1903 - 1955

Hotchkiss

Information about Hotchkiss

Hotchkiss et Cie, a company established by American gunsmith Benjamin B. Hotchkiss, transitioned from arms manufacturing to automobiles at the dawn of the 20th century. Initially set up in France in 1867 for arms production, Hotchkiss moved into automotive territory with its first car debuting in 1903. This early model was a 17 CV four-cylinder, hinting at the company’s enduring affinity for robust engineering, a characteristic underscored by their adoption of features like the Hotchkiss drive—a type of power transmission system.

Over the years, Hotchkiss gained a reputation for luxury and reliability, often reflected in their participation in and victories at events like the Rallye Automobile Monte Carlo during the 1930s. However, the advent of World War II saw a shift in production to military needs, a pivot that significantly impacted the company’s automotive output.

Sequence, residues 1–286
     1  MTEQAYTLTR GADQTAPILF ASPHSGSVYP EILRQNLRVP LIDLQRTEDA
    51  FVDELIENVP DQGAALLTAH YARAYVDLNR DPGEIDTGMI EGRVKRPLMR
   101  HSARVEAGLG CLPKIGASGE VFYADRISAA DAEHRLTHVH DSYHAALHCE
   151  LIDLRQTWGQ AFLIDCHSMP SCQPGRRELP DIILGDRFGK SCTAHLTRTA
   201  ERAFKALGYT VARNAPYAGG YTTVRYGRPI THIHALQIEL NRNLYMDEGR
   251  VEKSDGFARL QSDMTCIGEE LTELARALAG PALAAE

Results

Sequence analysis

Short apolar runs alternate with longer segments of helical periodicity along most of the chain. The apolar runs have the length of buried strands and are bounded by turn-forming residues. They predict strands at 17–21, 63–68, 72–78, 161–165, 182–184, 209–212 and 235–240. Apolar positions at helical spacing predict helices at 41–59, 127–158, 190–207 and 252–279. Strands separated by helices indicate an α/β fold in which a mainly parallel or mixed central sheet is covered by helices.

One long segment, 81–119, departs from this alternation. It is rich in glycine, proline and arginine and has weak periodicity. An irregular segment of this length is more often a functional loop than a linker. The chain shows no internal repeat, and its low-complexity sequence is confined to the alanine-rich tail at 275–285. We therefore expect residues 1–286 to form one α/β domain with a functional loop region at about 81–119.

Post-war, the company struggled to regain its pre-war glory. The late 1940s and early 1950s saw a gradual decline in car production, with the introduction of models like the Hotchkiss Anjou and the Hotchkiss-Grégoire, neither of which managed to revitalize the brand. Production dwindled until the automotive branch ceased in 1955, after which the company merged with Brandt in 1956, eventually disappearing into the broader conglomerations of French industry by the mid-1960s.

The tale of Hotchkiss is one of pioneering beginnings, wartime adaptations, and a gradual sunset as the world around it evolved, leaving behind a legacy marked by innovation and luxury in automotive history.

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